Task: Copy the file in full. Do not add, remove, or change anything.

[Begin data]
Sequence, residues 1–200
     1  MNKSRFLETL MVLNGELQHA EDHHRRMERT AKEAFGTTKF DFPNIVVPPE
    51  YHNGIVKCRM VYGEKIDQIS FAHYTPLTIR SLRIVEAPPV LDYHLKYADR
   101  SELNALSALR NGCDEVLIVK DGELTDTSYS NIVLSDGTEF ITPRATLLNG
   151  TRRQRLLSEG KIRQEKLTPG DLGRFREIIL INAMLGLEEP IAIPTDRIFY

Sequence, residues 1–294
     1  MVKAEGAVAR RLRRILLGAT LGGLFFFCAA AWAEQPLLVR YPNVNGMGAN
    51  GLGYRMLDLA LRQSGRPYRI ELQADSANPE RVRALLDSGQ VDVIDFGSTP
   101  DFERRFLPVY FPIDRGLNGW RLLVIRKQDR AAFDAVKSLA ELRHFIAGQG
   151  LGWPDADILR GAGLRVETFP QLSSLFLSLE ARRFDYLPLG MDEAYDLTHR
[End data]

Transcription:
Sequence, residues 1–200
     1  MNKSRFLETL MVLNGELQHA EDHHRRMERT AKEAFGTTKF DFPNIVVPPE
    51  YHNGIVKCRM VYGEKIDQIS FAHYTPLTIR SLRIVEAPPV LDYHLKYADR
   101  SELNALSALR NGCDEVLIVK DGELTDTSYS NIVLSDGTEF ITPRATLLNG
   151  TRRQRLLSEG KIRQEKLTPG DLGRFREIIL INAMLGLEEP IAIPTDRIFY

Sequence, residues 1–294
     1  MVKAEGAVAR RLRRILLGAT LGGLFFFCAA AWAEQPLLVR YPNVNGMGAN
    51  GLGYRMLDLA LRQSGRPYRI ELQADSANPE RVRALLDSGQ VDVIDFGSTP
   101  DFERRFLPVY FPIDRGLNGW RLLVIRKQDR AAFDAVKSLA ELRHFIAGQG
   151  LGWPDADILR GAGLRVETFP QLSSLFLSLE ARRFDYLPLG MDEAYDLTHR